Modern ethos is that all data is valuable, should be stored forever, and that machine learning will one day magically find the value of it. You’ve probably seen that EMC picture about how there will be 44 zettabytes of data by 2020? Remember how everyone had Fitbits and Jawbone Ups for about a minute? Now Jawbone is out of business. Have you considered this “all data is valuable” fad might be the corporate equivalent? Maybe we shouldn’t take a data storage company’s word on it that we should store all data and never delete anything. Infoworld, December 7, 2017.
I never deleted any of my email. I archived it all away where I could then quickly search it. I found that things happened on projects in regular patterns. If something went wrong in integrating some widget I could pretty much always find when it had happened before. The associated discussion and sequence of actions that had ensued projects ago was then almost always useful at quickly resolving our current problem.
For more see Be An In-box Hero
I knew a team manager who would after every completed project deleted all the past project data and started over new. He had no hard evidence for how his team performed in the past, except for his memory, and he just generally made up any estimates that were needed. I had luckily worked with his team on previous projects and so had copies of their project data (did I say I never deleted anything?) and so I always knew better than he did how his team would perform. In one case I told a similar manager that his estimate was too low based upon the data I had on his team. He looked at me incredulously. He went back and examined his past data and doubled his estimate. His team was the first to ever deliver that phase of a project on time and it took no longer than any other previous effort but without a slipped schedule and with rock solid quality at initial delivery.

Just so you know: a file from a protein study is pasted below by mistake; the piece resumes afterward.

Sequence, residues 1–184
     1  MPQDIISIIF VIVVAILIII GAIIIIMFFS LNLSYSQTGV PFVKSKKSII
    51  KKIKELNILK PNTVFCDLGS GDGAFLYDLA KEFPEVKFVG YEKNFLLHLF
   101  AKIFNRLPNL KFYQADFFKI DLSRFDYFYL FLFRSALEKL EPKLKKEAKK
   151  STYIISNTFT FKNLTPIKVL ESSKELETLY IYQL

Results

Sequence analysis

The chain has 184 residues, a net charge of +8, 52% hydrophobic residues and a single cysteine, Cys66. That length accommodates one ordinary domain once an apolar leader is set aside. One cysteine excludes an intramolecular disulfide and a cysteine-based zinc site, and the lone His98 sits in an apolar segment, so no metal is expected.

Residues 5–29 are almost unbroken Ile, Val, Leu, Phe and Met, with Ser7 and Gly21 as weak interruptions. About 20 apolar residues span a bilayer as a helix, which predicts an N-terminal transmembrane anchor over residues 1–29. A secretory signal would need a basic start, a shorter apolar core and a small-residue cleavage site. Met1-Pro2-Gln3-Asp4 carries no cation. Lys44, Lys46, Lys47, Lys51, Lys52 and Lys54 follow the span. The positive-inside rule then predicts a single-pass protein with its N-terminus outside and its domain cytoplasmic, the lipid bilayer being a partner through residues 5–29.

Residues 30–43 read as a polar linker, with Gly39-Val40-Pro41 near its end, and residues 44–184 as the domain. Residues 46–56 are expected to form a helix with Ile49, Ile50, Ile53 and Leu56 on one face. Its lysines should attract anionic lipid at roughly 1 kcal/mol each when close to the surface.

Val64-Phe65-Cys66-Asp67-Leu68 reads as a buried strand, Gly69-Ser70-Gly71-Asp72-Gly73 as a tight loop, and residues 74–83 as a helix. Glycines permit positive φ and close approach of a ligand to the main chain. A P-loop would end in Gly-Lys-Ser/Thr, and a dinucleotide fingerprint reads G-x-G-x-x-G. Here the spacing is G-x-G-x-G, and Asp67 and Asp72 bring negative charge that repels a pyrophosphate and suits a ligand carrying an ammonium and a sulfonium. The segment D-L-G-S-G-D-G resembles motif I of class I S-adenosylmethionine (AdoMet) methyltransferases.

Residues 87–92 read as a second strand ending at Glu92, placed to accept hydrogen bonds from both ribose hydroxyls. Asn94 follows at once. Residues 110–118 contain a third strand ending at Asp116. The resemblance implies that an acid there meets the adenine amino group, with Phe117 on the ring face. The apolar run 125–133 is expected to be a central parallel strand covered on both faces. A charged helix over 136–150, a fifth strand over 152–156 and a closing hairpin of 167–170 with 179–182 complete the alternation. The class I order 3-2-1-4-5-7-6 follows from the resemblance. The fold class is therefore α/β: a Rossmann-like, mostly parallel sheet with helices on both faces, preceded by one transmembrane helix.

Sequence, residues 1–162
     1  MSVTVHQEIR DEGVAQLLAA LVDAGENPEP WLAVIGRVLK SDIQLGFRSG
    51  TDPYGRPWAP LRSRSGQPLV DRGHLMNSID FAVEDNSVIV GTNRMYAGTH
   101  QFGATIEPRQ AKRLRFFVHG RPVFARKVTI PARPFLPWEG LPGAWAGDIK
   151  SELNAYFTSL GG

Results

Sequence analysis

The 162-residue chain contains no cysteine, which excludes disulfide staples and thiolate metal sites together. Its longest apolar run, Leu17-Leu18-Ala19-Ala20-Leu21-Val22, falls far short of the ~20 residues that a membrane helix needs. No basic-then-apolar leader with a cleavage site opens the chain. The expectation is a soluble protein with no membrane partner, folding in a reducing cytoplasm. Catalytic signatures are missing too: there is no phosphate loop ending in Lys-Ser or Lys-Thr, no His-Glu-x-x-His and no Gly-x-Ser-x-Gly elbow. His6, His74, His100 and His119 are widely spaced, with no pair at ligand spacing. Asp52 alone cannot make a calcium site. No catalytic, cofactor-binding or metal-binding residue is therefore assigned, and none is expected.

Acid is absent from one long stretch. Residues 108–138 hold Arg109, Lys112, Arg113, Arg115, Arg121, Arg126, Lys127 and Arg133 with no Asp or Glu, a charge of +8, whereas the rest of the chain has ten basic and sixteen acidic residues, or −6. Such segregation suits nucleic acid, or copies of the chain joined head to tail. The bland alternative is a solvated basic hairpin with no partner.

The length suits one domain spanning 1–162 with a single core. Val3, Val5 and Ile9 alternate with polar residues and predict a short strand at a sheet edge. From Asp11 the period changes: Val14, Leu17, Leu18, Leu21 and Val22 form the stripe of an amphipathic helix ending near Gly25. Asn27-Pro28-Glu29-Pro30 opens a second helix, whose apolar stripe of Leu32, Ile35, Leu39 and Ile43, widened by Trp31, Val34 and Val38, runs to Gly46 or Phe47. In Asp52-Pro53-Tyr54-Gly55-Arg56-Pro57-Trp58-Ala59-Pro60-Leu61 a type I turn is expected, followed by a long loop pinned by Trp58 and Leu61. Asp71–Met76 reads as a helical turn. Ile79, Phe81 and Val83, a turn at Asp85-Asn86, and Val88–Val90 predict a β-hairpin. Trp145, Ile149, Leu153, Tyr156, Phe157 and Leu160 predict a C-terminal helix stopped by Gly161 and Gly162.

Reading in this article the notion that data should be kept forever resonated with me. I can say that once I’ve analyzed a project’s data and synthesized it down to what I needed to know that I rarely had to look at the raw data again. But as we all now know, new questions can arise and that old data can often be the definitive source on answering those questions. Just don’t necessarily rely on a machine learning algorithm to find those answers.
Finally see First Have An Idea Then Mine Your Data
Are you keeping your project data for a sufficient period of time that it helps you to successfully plan and manage your current projects?